Obviously, this is a grave fallacy, because this only relates to a part of the subject—and, in fact, seems to cause more clouding of reason than enlightenment. In what way, e.g., does being raped increase a woman’s ability to judge the risk of any particular man being a rapist? (On the contrary, in many cases, her ability will decrease due to an irrational fear—as is the case with other crime victims too.) In what way would she be better able to judge a semantic difference between blame and responsibility? What constitutes a reasoned argument and what a vicious personal attack?

Notably, while being a rape victim is horrible, it is not an excuse for an adult woman to behave like a child, to ignore what others actually say (as opposed to interpreting in something completely different), to use unfair argumentation methods, to use personal attacks, or similar. If she cannot abstain from this, then it is in the best interest of the discussion that she voluntarily abstains from taking part in it at all. In fact, while I am very much in favour of free speech and debate, such excesses as those by violent rabbit (possibly also blue milk, herself) are justifiable cause for a forced exclusion from the debate. In contrast, there is nothing in any statement by Darsh that would warrant an exclusion. (Note that the critical issue is not what opinion is held, but how it is promoted, how others and their opinions are treated, etc.)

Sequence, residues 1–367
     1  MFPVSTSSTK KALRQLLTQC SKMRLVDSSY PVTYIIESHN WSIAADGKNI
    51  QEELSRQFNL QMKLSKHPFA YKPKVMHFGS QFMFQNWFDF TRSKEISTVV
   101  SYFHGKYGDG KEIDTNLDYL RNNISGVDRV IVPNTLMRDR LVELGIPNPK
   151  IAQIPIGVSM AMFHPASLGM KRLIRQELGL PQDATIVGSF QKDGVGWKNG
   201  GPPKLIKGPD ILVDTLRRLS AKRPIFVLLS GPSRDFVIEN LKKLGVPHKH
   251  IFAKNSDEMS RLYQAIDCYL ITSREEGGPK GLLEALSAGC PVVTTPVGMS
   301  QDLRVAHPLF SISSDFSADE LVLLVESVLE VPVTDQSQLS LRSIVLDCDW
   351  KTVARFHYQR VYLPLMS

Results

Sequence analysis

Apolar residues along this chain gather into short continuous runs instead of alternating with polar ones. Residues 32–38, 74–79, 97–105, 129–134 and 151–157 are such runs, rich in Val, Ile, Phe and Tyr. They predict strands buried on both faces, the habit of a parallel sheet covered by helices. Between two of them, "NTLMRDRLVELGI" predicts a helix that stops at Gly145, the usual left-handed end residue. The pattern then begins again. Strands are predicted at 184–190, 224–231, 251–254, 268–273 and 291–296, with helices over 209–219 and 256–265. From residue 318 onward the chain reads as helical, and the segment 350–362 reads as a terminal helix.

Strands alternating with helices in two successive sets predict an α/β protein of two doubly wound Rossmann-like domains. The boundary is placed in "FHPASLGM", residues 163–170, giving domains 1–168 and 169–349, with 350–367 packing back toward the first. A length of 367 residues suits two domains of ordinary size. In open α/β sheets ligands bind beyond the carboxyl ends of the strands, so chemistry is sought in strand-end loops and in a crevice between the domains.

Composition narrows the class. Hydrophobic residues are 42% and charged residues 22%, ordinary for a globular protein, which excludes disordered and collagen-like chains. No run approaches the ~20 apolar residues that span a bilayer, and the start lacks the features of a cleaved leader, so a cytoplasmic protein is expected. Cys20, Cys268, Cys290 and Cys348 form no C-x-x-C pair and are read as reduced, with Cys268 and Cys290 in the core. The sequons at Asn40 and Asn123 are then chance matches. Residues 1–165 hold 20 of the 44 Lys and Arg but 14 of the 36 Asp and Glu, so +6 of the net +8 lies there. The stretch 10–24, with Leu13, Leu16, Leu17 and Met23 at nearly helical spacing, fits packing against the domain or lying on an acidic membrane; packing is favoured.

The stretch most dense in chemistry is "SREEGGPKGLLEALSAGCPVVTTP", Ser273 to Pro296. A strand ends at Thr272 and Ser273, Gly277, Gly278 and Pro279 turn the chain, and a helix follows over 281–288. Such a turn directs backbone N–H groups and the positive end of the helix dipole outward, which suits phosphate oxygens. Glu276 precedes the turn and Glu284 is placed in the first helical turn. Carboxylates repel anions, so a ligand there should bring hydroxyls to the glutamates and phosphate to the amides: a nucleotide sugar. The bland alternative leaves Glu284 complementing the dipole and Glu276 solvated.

Of course, in the end, these women do more harm than good to their cause by antagonizing men who might have been sympathetic to it, diminishing their own credibility severely, or even (depending on whom and what discussion) appearing as man-haters, fanatics, or rabid feminists.

Statements like the following certainly do not help:


I tried to comment on this post earlier today, because it made me think about the parallels with how female victims of homicide are accorded some ‘responsibility’ for provoking their male killers (by trying to leave them, for example), while male victims are not (despite having threatened the life of the female perpetrators and subjecting them to years of violent abuse).

In reality, to all evidence I have seen so far, it is exactly the other way around: Women are given a systematically more lenient treatment and are given access to the provocation excuse (in various forms and shapes) to a higher degree—even to the point that some feminists have argued for the inclusion of this systematic difference in the law it self (including, IIRC, Harriet Harman). Cf. e.g. the related categories at http://www.mens-links.net/home.aspe.

As an aside, I use the phrase “ipso facto” in this article series at a rate far higher than I usually do. This is for the simple reason that faulty “ipso-facto thinking” is common in many of the situations and groups discussed.

(If you wish to comment, please make sure that you have read Unfair argumentation methods I: Preliminaries first.)


Written by michaeleriksson

June 7, 2010 at 2:28 pm

Leave a Reply

Fill in your details below or click an icon to log in:

WordPress.com Logo

You are commenting using your WordPress.com account. Log Out / Change )

Twitter picture

You are commenting using your Twitter account. Log Out / Change )

Facebook photo

You are commenting using your Facebook account. Log Out / Change )

Google+ photo

You are commenting using your Google+ account. Log Out / Change )

Connecting to %s